- DH = Dear Husband
- DD2 = Dear Second Daughter
Lost on the golf course
About a month ago, I took our dog Rocky for a walk. We live near a golf course, and while we have to stay off of it during the summer months, through the winter, people are free to walk, ski, or toboggan on it. I took Rocky up onto an area of the golf course that was new to us. It was a mild evening, and we walked for a good 20 minutes before turning back to go home.
I became alarmed after about 20 minutes. We should have reached the street, but we hadn’t, and it was nowhere in sight. As I surveyed the landscape beyond the hill we were climbing, all I could see were more trees (as featured above). Had we taken a wrong turn somewhere? I had a sinking feeling in my stomach, sensing the futility of continuing in this direction.
It wasn’t the first time I had become lost (I have a terrible sense of direction), and I accepted my situation stoically. I looked around for a recognizable landmark of some kind, and I saw three tall apartment buildings in the distance. If I could get to those buildings, I’d find my way home. The trek would add an hour to my walk with Rocky, but he certainly didn’t mind.
I have learned to accept that winter comes with its blues. This year, those blues came early and with greater than usual force. I don’t know why. If you’ve experienced it, you know what it’s like: every effort takes more energy than usual; and normal tasks become draining.
I remember reading some personal finance blog posts about New Year’s resolutions early January, and finding them oppressively perky. I read about a couple of no-spend challenges, and while my mind said, “I should join in,” I just didn’t have it in me. I felt as I did when I walked Rocky that evening – sensing a futility in continuing in the direction I was going: budgeting; tracking; blogging; budgeting; tracking; blogging . . .
But I’ve learned not to be led too much by feelings. When DH and I started our journey out of debt, I was high on purpose and determination. June 2nd 2012, I wrote my third post for this blog: “. . . DH and I are taking the proverbial first step on our journey out of debt. Psyched by a vision of debt freedom, we feel a happy adrenaline – a hope-filled, united, optimistic energy. At this point, I can`t even conceive of a time when we`ll hit a wall.”
That kind of new-beginnings-energy can’t last, and I knew it at the time. “At this point, we can allow ourselves to give in to the high of starting and to get as much mileage out of it as possible.” Through the years that have passed since that adrenaline-filled start, there have been “walls”. But perhaps because I have been on the look out for them, I’ve able to move forward in spite of their motivation-sucking force.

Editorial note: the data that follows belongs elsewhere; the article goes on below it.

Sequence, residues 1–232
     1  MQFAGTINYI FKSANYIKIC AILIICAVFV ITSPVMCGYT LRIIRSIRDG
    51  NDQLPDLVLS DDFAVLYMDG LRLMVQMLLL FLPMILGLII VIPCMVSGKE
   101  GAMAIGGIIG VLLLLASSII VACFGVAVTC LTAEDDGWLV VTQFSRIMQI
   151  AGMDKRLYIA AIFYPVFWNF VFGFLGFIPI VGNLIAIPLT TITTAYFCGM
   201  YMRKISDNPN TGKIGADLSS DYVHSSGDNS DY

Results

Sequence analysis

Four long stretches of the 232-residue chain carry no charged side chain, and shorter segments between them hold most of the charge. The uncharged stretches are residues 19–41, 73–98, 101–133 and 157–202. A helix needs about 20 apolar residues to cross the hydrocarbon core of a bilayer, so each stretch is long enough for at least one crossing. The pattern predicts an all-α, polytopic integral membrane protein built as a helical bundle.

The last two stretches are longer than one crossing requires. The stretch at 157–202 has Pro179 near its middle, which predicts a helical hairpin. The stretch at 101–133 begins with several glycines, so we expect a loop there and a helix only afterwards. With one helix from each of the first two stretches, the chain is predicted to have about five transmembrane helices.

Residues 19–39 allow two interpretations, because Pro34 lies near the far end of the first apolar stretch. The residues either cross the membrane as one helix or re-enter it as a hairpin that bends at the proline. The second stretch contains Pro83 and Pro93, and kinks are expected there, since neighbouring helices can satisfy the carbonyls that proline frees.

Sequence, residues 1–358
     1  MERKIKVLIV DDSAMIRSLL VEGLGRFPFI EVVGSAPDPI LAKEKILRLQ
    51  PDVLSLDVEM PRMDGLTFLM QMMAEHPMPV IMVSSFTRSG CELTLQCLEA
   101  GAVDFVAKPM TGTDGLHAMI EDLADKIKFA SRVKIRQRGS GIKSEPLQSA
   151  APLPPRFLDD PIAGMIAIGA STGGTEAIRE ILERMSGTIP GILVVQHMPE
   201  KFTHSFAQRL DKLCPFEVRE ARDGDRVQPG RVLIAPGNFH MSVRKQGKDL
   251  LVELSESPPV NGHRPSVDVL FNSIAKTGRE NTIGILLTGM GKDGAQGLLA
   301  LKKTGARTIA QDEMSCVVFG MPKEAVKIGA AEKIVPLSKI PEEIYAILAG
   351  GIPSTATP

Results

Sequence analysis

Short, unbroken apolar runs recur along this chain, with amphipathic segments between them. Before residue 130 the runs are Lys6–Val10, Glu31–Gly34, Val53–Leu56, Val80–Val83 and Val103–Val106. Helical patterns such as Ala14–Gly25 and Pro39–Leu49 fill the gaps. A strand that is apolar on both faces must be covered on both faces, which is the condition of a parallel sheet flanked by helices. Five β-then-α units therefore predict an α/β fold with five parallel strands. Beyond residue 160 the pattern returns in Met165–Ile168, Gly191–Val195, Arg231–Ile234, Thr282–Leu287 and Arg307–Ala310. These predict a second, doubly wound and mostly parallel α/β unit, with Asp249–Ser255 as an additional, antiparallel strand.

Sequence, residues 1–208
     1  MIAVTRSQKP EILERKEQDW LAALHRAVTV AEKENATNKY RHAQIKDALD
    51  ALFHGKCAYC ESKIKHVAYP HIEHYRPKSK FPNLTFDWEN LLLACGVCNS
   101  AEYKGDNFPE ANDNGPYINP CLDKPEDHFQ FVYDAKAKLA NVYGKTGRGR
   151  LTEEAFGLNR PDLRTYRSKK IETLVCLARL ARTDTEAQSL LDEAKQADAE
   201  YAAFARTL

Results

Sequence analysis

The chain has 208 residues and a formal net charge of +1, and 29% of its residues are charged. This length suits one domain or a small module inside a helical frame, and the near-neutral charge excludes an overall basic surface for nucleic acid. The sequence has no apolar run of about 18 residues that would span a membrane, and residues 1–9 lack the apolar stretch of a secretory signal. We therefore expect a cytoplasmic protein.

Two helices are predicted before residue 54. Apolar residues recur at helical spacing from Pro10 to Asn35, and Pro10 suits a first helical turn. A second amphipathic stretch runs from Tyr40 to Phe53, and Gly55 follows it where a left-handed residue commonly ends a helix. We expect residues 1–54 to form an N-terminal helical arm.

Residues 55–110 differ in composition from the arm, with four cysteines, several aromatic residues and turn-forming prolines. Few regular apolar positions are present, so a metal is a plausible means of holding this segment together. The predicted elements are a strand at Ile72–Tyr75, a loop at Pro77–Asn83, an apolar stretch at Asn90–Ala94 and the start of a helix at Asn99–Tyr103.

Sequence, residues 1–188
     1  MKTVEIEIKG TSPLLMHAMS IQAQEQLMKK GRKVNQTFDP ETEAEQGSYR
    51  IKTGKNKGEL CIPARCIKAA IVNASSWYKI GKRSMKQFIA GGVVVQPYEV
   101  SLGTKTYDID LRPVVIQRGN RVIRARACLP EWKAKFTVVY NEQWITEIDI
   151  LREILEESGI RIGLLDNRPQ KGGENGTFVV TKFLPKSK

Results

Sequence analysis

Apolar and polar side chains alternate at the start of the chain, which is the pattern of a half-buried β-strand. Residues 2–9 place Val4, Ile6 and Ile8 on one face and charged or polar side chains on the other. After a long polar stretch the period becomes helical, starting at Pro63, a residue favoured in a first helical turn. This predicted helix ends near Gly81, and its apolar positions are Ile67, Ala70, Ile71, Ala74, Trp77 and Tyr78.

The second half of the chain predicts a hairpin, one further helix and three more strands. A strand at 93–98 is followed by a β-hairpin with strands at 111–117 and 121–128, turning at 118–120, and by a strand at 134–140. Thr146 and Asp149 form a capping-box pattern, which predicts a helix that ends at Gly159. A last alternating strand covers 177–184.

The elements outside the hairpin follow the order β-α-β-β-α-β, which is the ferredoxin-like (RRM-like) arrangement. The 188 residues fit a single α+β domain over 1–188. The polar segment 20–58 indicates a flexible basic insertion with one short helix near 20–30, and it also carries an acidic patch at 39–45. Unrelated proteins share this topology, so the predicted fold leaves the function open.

This month has been no exception. Our original total debt of $257,400 – a combination of consumer debt, business debt, and a mortgage – is now down to a modest mortgage of $86,900.
A matter of interest
I remember last January, DH wrote on our white board in the kitchen, “$297”. When he asked me what I thought it represented, I couldn’t say. “That’s the amount of monthly interest we’re down to now on our mortgage. We’re under $300.” That was a big deal because when we’d started our debt payoff, we were paying over $600 per month in combined interest payments. This month, DH wrote “$192” on our white board.
An audacious goal
Seven years is the average amount of time it takes a household to become completely debt-free according to Dave Ramsey’s plan. So for a long time, our goal has been to become debt-free by June of 2019 – seven years after our June 2012 start.
This month, DH and I did some calculations. The maximum we can put against the mortgage on a monthly basis is $3,000. But once a year, we can put a lump sum to a maximum of $18,000 against it too. Last year, we made no lump sum payment. This year, we plan to. For the last year and a half, we’ve been paying $750 per month for DD2’s room and board as she studies at a university downtown. We’ll make our last payment in June.
If we continue to set aside the same amount of money on a monthly basis, we could save up for annual lump sums to speed up our progress. Our best case scenario is:
- to pay the maximum $3,000 per month
- to put aside an additional $750 per month, saved for annual lump sum payments, starting July 2017
In this best case scenario, we’ll have the mortgage paid off January of 2019. So many things could happen to prevent this early pay-off date, but it is officially our new audacious goal.
Headed in the right direction
So the winter blues won’t steer me away from the direction we’ve been taking for almost 5 years now. Sure it would be nice to blow a few thousand on a trip south, but we’re staying the course.
Sunday morning, I took Rocky for a walk, and we went to the same section of the golf course that we’d walked on when we got lost. It was going to be a brief excursion, so I I knew I wouldn’t have the chance to take a wrong turn. After walking for about 5 minutes, we turned around. And I saw the same hill with the same trees beyond them that had convinced me I was lost a month earlier.
“I had a sinking feeling in my stomach, sensing the futility of continuing in this direction.” But it wasn’t futile! I wasn’t lost. I was headed in the RIGHT direction. If I had just climbed that hill, I would have seen that the trees beyond it were across the street – the street that would bring me home.
Have you ever hit a “wall” in trying to reach a goal? Do you get the winter blues? Your comments are welcome.